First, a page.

3. UConn's start gave no hint of what would come next. In the first 8 minutes, 49 seconds, the Huskies scored a grand total of four points. They didn't make shots, obviously, but the issues were deeper than that: UConn couldn't create any shots to take. Every ball screen was greeted by a Florida defender. Every attempt at penetration was halfhearted and tentative. Florida's defense was smothering, the Gators were scoring with relative ease on the other end and the energy in AT&T Stadium was nonexistent. It looked like we were in store for a dud. Not so much.

4. DeAndre Daniels is on a tear. Remember Daniels? The guy who came out of relative (though not total) obscurity to pour in 27 points in UConn's Sweet 16 win over Iowa State? He was great again Saturday night, shooting 9-of-14, scoring 20 points, grabbing 10 rebounds and making life immensely difficult for a Florida defense already scrambling to catch up with the UConn guards. Daniels makes UConn a nightmare to guard.

5. Casey Prather and Patric Young gave Florida a shot. Prather, a former role player turned star, was Florida's best player all season; Young was a four-year contributor with more than 3,600 minutes on his legs. Both will be heartbroken by the loss, but at least they can say they played well: Young had 19 points on 13 shots and added five rebounds, while Prather scored 15 points on 6-of-10 from the field and added six rebounds.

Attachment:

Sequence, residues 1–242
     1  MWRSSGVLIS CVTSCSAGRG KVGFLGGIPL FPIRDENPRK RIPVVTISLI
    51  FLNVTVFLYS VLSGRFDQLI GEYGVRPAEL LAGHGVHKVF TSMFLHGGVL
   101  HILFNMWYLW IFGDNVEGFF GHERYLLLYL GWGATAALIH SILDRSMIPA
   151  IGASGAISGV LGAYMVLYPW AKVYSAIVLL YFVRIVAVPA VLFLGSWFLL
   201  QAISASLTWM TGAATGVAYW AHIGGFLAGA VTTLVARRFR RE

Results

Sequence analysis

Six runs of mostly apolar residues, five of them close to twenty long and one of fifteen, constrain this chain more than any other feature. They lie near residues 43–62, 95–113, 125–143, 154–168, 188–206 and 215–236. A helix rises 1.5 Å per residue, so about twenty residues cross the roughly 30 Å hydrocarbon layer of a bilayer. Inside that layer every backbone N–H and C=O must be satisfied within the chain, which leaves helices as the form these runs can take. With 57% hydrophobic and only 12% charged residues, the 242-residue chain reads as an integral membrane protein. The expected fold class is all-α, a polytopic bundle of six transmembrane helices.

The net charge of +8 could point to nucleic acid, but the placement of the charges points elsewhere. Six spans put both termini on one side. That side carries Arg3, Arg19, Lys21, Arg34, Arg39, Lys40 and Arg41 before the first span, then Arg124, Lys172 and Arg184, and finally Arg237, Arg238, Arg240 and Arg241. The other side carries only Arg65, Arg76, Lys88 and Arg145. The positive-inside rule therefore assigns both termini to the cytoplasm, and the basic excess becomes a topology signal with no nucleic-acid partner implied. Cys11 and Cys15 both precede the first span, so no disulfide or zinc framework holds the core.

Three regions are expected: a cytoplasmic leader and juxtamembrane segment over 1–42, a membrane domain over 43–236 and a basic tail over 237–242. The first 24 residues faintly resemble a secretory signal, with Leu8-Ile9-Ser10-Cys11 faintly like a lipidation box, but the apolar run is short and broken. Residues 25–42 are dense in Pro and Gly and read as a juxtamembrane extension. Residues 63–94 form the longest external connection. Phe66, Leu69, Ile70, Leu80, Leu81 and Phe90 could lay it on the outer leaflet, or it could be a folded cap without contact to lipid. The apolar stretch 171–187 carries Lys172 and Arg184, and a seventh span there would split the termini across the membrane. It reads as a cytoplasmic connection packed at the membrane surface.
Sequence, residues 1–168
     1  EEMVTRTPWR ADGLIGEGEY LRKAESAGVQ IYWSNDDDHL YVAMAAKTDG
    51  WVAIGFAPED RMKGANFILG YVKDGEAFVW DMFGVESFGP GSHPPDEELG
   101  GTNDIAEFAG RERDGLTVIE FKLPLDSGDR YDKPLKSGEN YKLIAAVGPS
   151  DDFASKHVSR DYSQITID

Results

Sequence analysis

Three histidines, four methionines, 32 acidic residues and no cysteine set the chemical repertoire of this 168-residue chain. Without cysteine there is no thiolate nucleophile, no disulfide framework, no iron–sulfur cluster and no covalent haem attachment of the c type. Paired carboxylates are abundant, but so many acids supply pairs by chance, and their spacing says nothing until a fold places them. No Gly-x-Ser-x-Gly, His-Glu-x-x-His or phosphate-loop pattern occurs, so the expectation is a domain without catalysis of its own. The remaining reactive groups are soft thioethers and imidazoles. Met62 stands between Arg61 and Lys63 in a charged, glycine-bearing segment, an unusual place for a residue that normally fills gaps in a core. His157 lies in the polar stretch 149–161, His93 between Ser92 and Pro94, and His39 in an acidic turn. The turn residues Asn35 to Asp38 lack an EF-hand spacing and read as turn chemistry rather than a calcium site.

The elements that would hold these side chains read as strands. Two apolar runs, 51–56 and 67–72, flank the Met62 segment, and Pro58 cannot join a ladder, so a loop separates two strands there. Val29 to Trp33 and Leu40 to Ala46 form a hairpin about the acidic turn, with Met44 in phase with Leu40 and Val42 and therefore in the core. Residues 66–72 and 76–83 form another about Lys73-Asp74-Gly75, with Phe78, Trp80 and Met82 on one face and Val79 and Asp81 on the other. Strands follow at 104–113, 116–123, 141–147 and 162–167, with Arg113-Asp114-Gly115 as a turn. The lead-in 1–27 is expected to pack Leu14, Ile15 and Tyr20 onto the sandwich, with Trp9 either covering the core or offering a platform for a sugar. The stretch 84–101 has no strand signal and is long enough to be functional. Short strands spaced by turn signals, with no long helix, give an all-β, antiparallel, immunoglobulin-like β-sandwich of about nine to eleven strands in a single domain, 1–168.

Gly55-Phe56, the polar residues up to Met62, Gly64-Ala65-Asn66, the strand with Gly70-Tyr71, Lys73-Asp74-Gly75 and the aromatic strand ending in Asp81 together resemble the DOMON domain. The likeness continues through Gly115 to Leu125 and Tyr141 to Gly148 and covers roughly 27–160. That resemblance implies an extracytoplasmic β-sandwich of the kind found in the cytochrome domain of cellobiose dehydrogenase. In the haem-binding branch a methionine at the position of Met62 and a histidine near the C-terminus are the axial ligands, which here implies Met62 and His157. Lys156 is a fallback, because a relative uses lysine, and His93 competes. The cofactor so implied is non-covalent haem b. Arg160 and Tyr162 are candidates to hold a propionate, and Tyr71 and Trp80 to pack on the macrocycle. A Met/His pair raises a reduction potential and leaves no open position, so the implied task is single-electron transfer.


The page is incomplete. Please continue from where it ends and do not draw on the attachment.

GAINESVILLE, Fla. -- The thing about assessing college basketball teams in November and December is that it’s much easier to get it wrong than to get it right.

A team’s full story is usually more layered than one outcome, one matchup or one streak can accurately illustrate in the first few weeks and months of any season.

Sometimes key players are injured. Sometimes key players are suspended. Sometimes key players are just green.

In No. 19 Florida’s case, all three have been factors.

The Gators have had enough drama to warrant an E! reality TV show.

They entered Tuesday’s 67-61 win over No. 13 Kansas at the O’Connell Center approaching 100 percent. In its most high-profile matchup of the year to date, Florida was almost fully staffed. The result was one of the most dominant performances -- in the first half, at least -- any team has ever played against Kansas and a reminder of what’s possible when a team can finally use most of the players on its roster.

It was also a warning against premature analysis of a team in flux.

There were 16 -- yes, 16 -- Kansas turnovers in the first half thanks to Florida's frustrating 1-3-1 zone. Per ESPN Stats & Information, Kansas committed turnovers on nine of its 18 possessions and went 4-for-15 from the field against the 1-3-1.

[+] EnlargeScottie Wilbekin